Precautions in Physician Practices
Yesterday Doctors Manitoba asked the public to continue wearing masks in doctors’ clinics.
Specific precautions may vary based on the specific clinic environment, but generally these measures include:
- Requiring patients and visitors to screen and report COVID-19 symptoms before entering
- Requiring patients and visitors to wear masks
- Providing safe physical distance between patients in common areas like waiting rooms (this recommendation has been dropped by Shared Health in the guidance — see below)
- Continuing the use of personal protective equipment by physicians and staff
- Offering virtual visits as an option for some medical issues
Shared Health has released an update to its COVID-19 Guidance for Primary Care Clinics and Outpatient Practices for the newest phase of the re-opening. With the new variants and the potential for increased cases in patient populations, they are asking practices to continue measures to ensure the safety and health of all staff and patients, like other health facilities.
Screening practices for patients through telephone, with signage, and upon check-in and self-screening prior to shifts for staff should continue. Infection prevention remains important and sanitizing and required masks are prevention strategies that should be followed in clinics. Patients should be masked as well.
The same PPE requirements remain in place for staff, as does the requirement for 6‑foot physical distance between individuals in waiting rooms.
You can read more about approaches for management of Orange-Zone or COVID-risk patients, appropriate use of PPE for providers and staff, cleaning protocols and the continued use of virtual modalities HERE.
We are also hosting a webinar on August 17 to discuss precautions in doctors’ offices and physician practices, along with other issues.
School Reopening Plan
Yesterday, the Manitoba government announced its plan and guidance for reopening schools this September. The plan has evoked a range of views, with physicians already hearing questions and concerns from parents. We have a summary of what is in the plan below, how it compares to other provinces and what advice physicians can offer parents and children in the days and weeks ahead.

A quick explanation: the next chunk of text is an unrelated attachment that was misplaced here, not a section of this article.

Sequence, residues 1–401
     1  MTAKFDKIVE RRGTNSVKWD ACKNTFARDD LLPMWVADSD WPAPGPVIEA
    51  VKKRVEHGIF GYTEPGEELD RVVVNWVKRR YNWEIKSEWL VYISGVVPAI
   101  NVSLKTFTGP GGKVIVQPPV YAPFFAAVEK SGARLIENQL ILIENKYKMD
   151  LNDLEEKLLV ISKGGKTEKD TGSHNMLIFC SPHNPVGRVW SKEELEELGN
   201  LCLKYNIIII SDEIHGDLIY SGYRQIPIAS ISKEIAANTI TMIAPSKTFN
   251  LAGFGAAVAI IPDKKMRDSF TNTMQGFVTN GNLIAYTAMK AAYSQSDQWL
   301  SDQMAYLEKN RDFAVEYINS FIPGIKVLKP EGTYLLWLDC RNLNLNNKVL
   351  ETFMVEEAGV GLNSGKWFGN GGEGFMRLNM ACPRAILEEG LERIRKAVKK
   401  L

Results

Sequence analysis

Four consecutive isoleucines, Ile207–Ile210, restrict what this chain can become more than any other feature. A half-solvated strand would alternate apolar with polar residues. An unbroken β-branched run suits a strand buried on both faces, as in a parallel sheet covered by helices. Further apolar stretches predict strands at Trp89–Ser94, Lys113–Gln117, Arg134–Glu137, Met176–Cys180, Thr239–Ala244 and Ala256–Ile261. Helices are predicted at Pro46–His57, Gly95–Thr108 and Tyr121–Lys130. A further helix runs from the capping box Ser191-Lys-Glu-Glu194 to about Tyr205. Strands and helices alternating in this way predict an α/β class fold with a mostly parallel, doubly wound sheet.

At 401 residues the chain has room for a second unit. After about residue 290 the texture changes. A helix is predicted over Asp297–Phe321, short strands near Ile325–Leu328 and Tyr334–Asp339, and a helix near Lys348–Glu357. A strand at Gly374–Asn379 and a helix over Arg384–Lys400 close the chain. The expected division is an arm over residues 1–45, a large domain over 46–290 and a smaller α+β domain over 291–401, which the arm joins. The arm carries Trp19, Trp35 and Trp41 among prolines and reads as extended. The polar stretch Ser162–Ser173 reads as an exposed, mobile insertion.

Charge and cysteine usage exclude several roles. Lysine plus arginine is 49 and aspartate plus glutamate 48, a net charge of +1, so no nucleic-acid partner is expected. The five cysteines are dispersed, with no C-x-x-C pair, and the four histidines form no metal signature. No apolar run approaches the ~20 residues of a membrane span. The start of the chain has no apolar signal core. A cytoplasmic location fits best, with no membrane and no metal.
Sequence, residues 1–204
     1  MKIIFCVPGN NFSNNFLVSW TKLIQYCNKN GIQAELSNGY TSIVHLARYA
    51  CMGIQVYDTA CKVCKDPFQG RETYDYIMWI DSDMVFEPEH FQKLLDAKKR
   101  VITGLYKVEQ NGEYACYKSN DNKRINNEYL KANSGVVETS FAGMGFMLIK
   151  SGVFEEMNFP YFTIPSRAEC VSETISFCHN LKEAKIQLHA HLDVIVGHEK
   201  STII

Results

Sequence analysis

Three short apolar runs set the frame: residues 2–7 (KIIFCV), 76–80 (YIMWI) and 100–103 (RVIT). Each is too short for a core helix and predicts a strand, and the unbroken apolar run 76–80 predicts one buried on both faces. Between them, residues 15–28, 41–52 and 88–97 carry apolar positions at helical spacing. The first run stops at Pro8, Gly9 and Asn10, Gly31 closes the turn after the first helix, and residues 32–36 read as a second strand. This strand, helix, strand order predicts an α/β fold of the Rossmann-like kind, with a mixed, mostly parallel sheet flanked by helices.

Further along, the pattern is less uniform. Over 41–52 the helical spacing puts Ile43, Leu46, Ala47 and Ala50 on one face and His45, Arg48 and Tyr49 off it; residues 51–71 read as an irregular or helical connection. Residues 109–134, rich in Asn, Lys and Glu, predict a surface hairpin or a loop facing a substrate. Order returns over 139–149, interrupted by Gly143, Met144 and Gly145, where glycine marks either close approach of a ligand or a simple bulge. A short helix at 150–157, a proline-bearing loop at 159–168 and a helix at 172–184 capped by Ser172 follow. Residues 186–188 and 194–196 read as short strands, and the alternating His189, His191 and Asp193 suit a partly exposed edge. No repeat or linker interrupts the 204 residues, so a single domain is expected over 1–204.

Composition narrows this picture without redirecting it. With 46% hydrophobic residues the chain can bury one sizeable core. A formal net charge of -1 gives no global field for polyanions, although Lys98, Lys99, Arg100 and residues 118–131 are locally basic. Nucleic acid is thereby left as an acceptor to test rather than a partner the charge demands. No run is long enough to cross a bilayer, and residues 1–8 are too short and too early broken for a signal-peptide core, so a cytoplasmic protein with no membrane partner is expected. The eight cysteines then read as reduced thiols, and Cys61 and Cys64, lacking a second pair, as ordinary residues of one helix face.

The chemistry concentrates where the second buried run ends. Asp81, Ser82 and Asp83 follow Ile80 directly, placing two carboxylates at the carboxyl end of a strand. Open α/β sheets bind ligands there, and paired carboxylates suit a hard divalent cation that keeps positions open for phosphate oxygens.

Manitoba’s School Plan The plan unveiled yesterday will see schools reopen at the yellow (cautious) level of the pandemic response system. The plan includes a mix of requirements and recommendations, similar to approach used earlier in the week when pandemic restrictions were eased for other sectors.
Students will return to in-class learning this September, with activities resuming and libraries reopening.
- Kindergarten to Grade 6 students will continue to be grouped in cohorts to reduce potential exposure for children not yet eligible for vaccination.
- Students and staff will continue to screen for symptoms, stay home if ill, and seek testing in accordance with public health recommendations.
- Physical distancing should be used to the greatest extent possible, and the flow of people in common areas (e.g. halls) must be managed to avoid crowding. Entry and exit times will be staggered.
- Water bottles and non-touch water drinking practices continue to be required
- Good hand hygiene must be promoted and monitored
- Assigned seating will continue on school transportation
- Schools will focus on maintaining ventilation and follow provincial ventilation guidance.
Case and contact management will continue, but may change over time. Provincial exams will not proceed for the 2021/22 school year.
Masks are “strongly recommended” for students, staff and visitors, but the province has not mandated their use at this point. As occurred earlier in the pandemic when the risk of spread was lower, the province issued guidance to school divisions which then created their own plans. Some divisions have already indicated they will be asking everyone to wear masks in schools.
Similarly, vaccination among eligible children and staff is not required, but it is strongly encouraged. We have also heard that school-based vaccination will be planned to help improve access and increase uptake among eligible students.
What are other provinces doing?Most provinces have issued guidance for the return to school this fall. While Atlantic provinces have not yet announced their plans, all other provinces have plans in place that include a return to in-class learning. Here is a summary, by province, of what has been announced.